Although the Letter 1085(DO), dated October 9, 2012, referred to the December 31, 2012, quarter as a delinquent quarter, the notice of determination did not include the December 31, 2012, quarter, and it is not before the Court.

Mr. Lunnon responded to the Letter 1085(DO) on petitioner's behalf by mailing to Revenue Officer Lyons a letter requesting the names and addresses of petitioner's employees and the facts and legal authority underlying the substitutes for returns. Revenue Officer Lyons forwarded the letter to the IRS' area counsel, which approved the processing of the substitutes for returns. The IRS processed the substitutes for returns and assessed the tax shown on the returns.

On February 6, 2013, the IRS mailed to petitioner a Letter 1058, Final Notice of Intent to Levy and Notice of Your Right to a Hearing (levy notice), with respect to the periods at issue. In the levy notice the IRS proposed for the first time additions to tax under section 6651(a)(3) for late payment. The IRS also mailed to petitioner a Letter 3172(DO), Notice of Federal Tax Lien Filing and Your Right to a Hearing Under IRC 6320, dated February 19, 2013, with respect to the periods at issue. In response to these notices petitioner timely filed a Form 12153, Request for a Collection Due Process or Equivalent Hearing, signed by Mr. Lunnon in his capacity as manager. The hearing request disputed the proposed levy and the NFTL filing, requested withdrawal of the NFTL filing, and stated: "The LLC does not understand any basis for the claims made in the FINAL NOTICE, and does not believe the LLC owes them."

Mr. Lunnon also filed a Freedom of Information Act request around this time for the IRS' documents showing petitioner's payroll for 2010 and 2011.

Petitioner's case was transferred to Settlement Officer Joann Mares in the IRS Appeals Office. Settlement Officer Mares scheduled a telephone conference call for July 9, 2013, but Mr. Lunnon told Settlement Officer Mares that petitioner preferred to conduct the section 6320/6330 hearing through correspondence, and neither he nor another representative participated in a telephone conference. Settlement Officer Mares agreed to conduct the hearing through correspondence and requested that petitioner provide financial information and file its delinquent employment and income tax returns by August 9, 2013.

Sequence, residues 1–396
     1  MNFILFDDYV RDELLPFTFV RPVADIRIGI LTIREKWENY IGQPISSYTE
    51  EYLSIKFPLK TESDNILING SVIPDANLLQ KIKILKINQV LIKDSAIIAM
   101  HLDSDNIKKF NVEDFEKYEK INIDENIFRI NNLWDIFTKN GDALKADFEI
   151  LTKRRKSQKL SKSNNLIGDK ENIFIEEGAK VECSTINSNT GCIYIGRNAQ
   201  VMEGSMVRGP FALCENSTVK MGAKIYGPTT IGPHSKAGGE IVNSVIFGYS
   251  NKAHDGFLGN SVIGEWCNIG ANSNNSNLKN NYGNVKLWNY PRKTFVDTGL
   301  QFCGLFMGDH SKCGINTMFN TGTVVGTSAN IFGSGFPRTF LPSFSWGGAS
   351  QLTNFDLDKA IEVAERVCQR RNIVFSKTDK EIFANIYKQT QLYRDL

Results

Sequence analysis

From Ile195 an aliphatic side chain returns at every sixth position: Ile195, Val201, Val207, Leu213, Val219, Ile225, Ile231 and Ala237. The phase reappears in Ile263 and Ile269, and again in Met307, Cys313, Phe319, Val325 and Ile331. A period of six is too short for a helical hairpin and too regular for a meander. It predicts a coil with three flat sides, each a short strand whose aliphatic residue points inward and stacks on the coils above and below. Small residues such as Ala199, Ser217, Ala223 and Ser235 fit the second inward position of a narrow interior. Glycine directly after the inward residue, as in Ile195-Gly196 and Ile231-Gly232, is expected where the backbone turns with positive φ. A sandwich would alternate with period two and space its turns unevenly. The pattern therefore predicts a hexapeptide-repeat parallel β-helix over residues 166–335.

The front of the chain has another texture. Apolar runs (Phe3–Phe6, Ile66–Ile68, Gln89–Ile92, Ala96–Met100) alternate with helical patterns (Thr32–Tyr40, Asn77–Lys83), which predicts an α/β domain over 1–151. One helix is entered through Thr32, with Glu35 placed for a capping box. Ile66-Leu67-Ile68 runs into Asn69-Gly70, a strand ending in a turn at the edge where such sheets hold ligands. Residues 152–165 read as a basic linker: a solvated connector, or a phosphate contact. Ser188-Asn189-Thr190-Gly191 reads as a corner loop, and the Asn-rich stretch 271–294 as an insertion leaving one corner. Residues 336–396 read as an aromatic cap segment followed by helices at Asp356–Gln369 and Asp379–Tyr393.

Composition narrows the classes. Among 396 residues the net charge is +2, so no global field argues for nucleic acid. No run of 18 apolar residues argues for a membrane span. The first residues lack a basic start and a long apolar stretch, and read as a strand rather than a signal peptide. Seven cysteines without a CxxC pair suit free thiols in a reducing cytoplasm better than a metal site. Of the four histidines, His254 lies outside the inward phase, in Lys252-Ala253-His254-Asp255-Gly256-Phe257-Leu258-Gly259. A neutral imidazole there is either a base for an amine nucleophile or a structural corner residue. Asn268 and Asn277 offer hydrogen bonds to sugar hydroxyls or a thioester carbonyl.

Petitioner did not give Settlement Officer Mares any of the requested financial information and did not file the requested returns by the deadline. Settlement Officer Mares mailed to petitioner a letter dated August 22, 2013, which stated: "I wasn't sure if you understood [upon the receipt of the Letter 1085(DO)] that you could have prepared and signed tax returns that you believe are correct and return them to the IRS within 30 days. If you have the correct returns you may submit these to me on or before August 31, 2013 so that the Internal Revenue Service can process them." The letter also asked petitioner to explain its relationship with Arnold LaCruz and requested that petitioner submit financial information to Settlement Officer Mares and file the delinquent Forms 941 and 940 for the periods at issue by August 31, 2013, so that she could consider collection alternatives. The letter also warned petitioner that, if it did not respond to the letter, Settlement Officer Mares would make a determination on the basis of information already in the record. Settlement Officer Mares also mailed to petitioner the documents that the IRS had relied upon to assess the underlying liabilities, including a section 6020(b) action sheet documenting a field call to petitioner's business where an IRS employee observed employees working at the store, employment tax transcripts from the State of New Mexico, and workers' compensation insurance policy documents.

Respondent also provided to petitioner before the sec. 6320/6330 hearing in this case, during the pendency of the case LG Kendrick, LLC, copies of checks drawn on petitioner's bank account that Mr. Lunnon had written to the same individuals twice per month for periods before the periods at issue.

Instead of supplying the requested information, Mr. Lunnon sent a letter to Settlement Officer Mares challenging the documents that respondent had provided because some of the documents referred to Mr. Lunnon rather than to petitioner, addressed taxable periods other than the periods at issue, and were obtained by subpoena during the pendency of a related Tax Court case. Even after an extension of time to file the delinquent returns, Mr. Lunnon did not cause petitioner to file the delinquent returns or send Settlement Officer Mares pertinent information.

Because petitioner did not give Settlement Officer Mares any relevant information, she sustained the proposed levy and the NFTL filing on the basis of the information in the administrative record. On December 16, 2013, the Appeals Office issued a Notice of Determination Concerning Collection Action(s) Under Section 6320 and/or 6330 (notice of determination). The notice of determination explained that the IRS had assessed the underlying liabilities on the basis of wage information from the State of New Mexico, workers' compensation insurance policy documents, payroll records, and a field call. The notice of determination also stated that: petitioner had had a prior opportunity to dispute the underlying liabilities; throughout the section 6320/6330 hearing petitioner had failed to submit evidence adequately contesting the underlying liabilities (or evidence adequately contesting that petitioner had had a prior opportunity to dispute the underlying liabilities); and petitioner's failure to submit financial information and delinquent returns barred the Appeals Office from offering a collection alternative, such as withdrawal of the NFTL filing. Petitioner timely filed a petition in this Court disputing the notice of determination.